I need some Betta help/advice

zemiqJune 21, 2006

Hello everyone,

I want to make sure that my Betta survive. I've looked through some posts and read various websites. I decided to get a Betta today, and then got talked into 2 (in separate tanks of course!). This is the setup I have:

a 2.5 gallon tank that will house one Betta

a 2 gallon tank that will house the other Betta

a 1 gallon tank for my lonely guppy -- his tank mate died while at a friend's house during my vacation :(

How often should I change the water in these two Betta tanks? Does once or twice a week sound adequate to keep everything under control?

Would the Bettas get along with Corys? I've got two, though I have been considering finding a pet store to give them to. If they'd get along with my Bettas, I'd rather keep them, though.

Do Bettas actually like foliage in the tank? I bought some silk plants (so they wouldn't tear their fins), but I'm not clear on if they actually enjoy having plants, or if they just don't mind.

I may need a heater to try to keep the tanks warm enough. Is a little 7 watt heater good enough, so long as I keep an eye on the temperature?

My last question, do I need filtration, or would a bubble stone suffice? I know they do not like a lot of current, and I'm not sure which option is best. If I do not have a filter, should I change the water more often than once or twice a week? Right now, one of my tanks is uncycled and I read I should change 30% of the water daily, does that sound right? (I have pre-treated the water, to remove chlorine and all that other harmful stuff)

I know that larger tanks are easier to manage, but I haven't the space to keep a larger tank at the moment. These smaller tanks are spread throughout my room and it's the best alternative I've got. I appreciate anyone taking the time to help me out! I want them to do really well and be happy in their larger environments.

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woeisme(z7b NC)

How often should I change the water in these two Betta tanks? Does once or twice a week sound adequate to keep everything under control?

If you are not using filtration then daily water changes. You need to dilute the toxins that are produced by the fishes waste. Also, dont overfeed. Only feed the fish what it will eat right away. If any food is not eaten right after you feed, remove it right away. Remove any poop or crud daily. Most people use a turkey baster for this in a small tank. If food and poop is allowed to sit it will break down into ammonia. This is toxic to fish and will kill them. There is no safe level of ammonia.

Would the Bettas get along with Corys? I've got two, though I have been considering finding a pet store to give them to. If they'd get along with my Bettas, I'd rather keep them, though.

Yes they should get along, BUT your tanks are too small. If you add anymore fish to the small tanks you will have crowding which may cause aggression between these fish who normaly get along. Worse then the aggression will be the overload of toxins. The water volume is way to small to dilute ammonia excreted by 3 fish. Give back the cory's ifyou can.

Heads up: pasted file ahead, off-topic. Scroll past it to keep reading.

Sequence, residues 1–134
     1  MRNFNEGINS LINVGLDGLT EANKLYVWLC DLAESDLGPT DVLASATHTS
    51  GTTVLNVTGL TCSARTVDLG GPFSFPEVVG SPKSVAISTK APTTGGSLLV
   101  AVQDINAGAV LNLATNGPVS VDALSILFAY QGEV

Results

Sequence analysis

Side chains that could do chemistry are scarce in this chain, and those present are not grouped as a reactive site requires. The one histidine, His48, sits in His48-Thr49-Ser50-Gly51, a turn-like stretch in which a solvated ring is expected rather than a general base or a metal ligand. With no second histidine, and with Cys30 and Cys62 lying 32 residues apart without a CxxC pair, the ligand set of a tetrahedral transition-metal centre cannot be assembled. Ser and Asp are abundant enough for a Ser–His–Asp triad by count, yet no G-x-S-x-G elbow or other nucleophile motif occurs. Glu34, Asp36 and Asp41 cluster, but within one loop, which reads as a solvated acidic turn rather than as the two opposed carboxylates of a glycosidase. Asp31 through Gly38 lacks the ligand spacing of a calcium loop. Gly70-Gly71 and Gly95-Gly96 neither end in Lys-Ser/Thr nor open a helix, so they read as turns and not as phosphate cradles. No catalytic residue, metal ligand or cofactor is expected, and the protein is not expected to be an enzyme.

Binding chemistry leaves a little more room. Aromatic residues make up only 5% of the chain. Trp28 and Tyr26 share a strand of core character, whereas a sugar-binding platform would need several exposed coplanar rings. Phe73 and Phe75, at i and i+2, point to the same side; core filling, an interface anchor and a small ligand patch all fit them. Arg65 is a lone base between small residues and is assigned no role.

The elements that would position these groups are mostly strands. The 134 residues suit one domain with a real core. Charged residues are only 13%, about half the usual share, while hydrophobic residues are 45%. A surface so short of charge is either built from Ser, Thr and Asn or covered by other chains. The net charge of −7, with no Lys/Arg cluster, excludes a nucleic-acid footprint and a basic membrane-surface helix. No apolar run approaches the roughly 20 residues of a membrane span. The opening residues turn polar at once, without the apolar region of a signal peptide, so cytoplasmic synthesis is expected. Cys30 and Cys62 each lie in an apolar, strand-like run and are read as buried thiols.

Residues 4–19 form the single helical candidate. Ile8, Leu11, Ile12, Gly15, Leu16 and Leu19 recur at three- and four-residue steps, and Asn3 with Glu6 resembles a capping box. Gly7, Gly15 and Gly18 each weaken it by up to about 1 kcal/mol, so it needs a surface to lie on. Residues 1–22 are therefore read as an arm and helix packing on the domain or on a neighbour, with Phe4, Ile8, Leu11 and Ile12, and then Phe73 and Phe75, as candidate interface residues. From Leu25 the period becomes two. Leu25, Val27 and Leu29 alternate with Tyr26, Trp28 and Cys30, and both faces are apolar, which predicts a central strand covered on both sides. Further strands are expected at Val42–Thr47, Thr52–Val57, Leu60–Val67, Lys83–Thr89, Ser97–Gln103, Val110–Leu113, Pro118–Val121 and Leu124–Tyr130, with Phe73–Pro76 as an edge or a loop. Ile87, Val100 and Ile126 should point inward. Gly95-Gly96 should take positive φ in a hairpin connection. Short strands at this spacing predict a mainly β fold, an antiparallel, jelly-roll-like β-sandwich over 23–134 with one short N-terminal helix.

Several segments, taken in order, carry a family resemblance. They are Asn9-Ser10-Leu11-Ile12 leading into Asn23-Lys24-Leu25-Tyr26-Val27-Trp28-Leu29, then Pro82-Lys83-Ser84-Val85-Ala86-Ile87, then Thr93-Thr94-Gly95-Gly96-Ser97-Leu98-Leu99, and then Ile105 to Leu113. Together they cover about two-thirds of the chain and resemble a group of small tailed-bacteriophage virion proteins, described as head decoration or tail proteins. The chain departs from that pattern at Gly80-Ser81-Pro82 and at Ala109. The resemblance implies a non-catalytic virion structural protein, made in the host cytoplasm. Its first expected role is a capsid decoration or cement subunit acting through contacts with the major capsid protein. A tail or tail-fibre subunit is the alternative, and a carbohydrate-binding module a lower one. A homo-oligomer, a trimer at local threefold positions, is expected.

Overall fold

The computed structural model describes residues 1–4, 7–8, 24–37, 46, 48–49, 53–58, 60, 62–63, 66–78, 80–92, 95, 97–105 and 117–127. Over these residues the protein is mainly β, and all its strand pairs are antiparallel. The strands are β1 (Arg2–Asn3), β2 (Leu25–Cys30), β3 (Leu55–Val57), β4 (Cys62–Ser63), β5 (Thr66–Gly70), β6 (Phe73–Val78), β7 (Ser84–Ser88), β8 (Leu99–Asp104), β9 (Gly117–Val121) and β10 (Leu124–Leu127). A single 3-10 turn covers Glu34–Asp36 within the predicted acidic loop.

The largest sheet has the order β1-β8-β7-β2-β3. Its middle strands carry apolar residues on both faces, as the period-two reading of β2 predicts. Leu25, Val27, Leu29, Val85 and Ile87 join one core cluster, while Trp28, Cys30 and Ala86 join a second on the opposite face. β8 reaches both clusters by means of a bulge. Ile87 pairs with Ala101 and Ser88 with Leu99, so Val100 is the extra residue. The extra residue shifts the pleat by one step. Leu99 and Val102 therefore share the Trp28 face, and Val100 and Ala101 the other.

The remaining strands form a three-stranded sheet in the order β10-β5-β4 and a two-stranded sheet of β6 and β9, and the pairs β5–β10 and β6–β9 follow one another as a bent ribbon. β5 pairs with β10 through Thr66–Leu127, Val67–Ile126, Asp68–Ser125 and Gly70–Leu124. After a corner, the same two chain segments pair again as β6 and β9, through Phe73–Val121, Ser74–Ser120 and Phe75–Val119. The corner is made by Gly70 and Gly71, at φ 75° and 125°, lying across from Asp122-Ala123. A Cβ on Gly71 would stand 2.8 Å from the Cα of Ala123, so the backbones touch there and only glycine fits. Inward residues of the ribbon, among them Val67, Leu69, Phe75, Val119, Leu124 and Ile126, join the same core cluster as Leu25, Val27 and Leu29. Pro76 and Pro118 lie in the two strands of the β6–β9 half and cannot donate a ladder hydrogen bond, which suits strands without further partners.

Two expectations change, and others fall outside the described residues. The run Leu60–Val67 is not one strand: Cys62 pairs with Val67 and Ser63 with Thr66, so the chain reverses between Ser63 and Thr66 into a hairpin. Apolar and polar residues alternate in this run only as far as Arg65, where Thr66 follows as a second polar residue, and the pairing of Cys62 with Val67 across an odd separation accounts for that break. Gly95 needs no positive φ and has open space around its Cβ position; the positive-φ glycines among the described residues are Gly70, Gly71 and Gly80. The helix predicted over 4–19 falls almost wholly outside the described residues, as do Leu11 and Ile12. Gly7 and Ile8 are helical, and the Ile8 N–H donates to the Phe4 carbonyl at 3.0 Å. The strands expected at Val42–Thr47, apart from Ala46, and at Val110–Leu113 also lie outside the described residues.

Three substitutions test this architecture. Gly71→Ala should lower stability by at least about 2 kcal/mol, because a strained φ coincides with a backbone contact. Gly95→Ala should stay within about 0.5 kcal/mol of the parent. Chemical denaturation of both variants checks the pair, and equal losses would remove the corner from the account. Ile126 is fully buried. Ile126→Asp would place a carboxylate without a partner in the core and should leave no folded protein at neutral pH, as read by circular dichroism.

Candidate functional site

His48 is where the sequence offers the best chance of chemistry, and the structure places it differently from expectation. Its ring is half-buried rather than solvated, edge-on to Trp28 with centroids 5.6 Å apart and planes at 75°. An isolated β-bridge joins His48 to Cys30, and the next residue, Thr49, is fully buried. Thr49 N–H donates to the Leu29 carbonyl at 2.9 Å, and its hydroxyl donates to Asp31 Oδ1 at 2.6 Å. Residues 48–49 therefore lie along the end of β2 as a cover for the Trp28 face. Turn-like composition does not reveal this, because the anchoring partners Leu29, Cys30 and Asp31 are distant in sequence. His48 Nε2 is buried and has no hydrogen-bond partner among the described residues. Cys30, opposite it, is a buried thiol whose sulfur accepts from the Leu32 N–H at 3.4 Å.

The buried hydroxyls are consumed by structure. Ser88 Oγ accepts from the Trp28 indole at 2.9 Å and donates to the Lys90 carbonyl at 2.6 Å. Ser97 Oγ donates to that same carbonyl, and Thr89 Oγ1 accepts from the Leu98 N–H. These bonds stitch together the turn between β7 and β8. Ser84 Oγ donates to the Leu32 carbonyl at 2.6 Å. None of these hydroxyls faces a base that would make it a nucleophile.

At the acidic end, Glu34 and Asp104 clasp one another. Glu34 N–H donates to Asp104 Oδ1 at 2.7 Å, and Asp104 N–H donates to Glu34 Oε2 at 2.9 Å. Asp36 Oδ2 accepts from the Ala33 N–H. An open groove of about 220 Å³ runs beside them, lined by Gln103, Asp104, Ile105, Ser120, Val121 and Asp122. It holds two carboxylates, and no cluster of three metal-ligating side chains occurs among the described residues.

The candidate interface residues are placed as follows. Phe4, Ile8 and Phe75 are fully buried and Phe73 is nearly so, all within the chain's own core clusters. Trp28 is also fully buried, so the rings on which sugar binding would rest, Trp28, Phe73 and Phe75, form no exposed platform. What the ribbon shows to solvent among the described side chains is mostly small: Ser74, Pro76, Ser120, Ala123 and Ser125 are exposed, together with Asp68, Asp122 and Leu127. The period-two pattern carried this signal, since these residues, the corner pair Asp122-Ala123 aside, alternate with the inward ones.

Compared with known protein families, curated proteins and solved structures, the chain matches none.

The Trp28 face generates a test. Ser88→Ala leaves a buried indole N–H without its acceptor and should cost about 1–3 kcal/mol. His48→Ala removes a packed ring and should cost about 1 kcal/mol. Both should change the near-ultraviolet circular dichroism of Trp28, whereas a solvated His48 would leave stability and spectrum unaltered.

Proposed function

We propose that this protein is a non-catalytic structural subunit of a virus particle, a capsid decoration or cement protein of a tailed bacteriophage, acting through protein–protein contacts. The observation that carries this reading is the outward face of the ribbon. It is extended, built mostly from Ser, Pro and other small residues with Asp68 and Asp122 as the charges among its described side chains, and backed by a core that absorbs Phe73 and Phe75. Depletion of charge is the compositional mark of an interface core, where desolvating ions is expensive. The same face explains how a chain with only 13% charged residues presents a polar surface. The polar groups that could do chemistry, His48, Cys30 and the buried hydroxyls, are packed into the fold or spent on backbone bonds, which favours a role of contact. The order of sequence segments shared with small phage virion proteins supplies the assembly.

Do Bettas actually like foliage in the tank? I bought some silk plants (so they wouldn't tear their fins), but I'm not clear on if they actually enjoy having plants, or if they just don't mind.

Yes. Live plants would actually be a better choice in an unfiltered tank. The easiest plant IME/IMO to keep is a Java Fern. They seem to do good in almost any water condition. Live plants will oxygenate the water and remove the ammonia produced by the fish. If using live plants you can get away with less frequent water changes. With that said you should use water test kits to verify ammonia and nitrite levels. I would reccomend A.P.I. tests, the 2 part ammonia test and nitrite test. These kits should last you 3 years. If you get the less expensive dip strips, they are inaccurate and only last as long as how many come with the kit. In the long run the reagent (liquid test kits with test tubes like the A.P.I.) are alot less $$$.

I may need a heater to try to keep the tanks warm enough. Is a little 7 watt heater good enough, so long as I keep an eye on the temperature?

The problem with the 7W heaters is they do not have a temperature control or thermostat. They are preset by the factory and depending on your tank volume and water flow they could over heat. Better to get a 25W with temperature control. They will not over heat (unless they are defective) because they have a thermostat that will turn on and off the heater as needed. They work like the furnace in your house, set a predetermined temp. and when the water cools down the heater will kick on. When the desired temp is reached the heater will shut off. If the water stays at desired temp. or is hotter then your set temp.(like in the summer) the heater will not kick on.

My last question, do I need filtration, or would a bubble stone suffice? I know they do not like a lot of current, and I'm not sure which option is best.

A filtered

    Bookmark   June 21, 2006 at 7:58AM
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woeisme(z7b NC)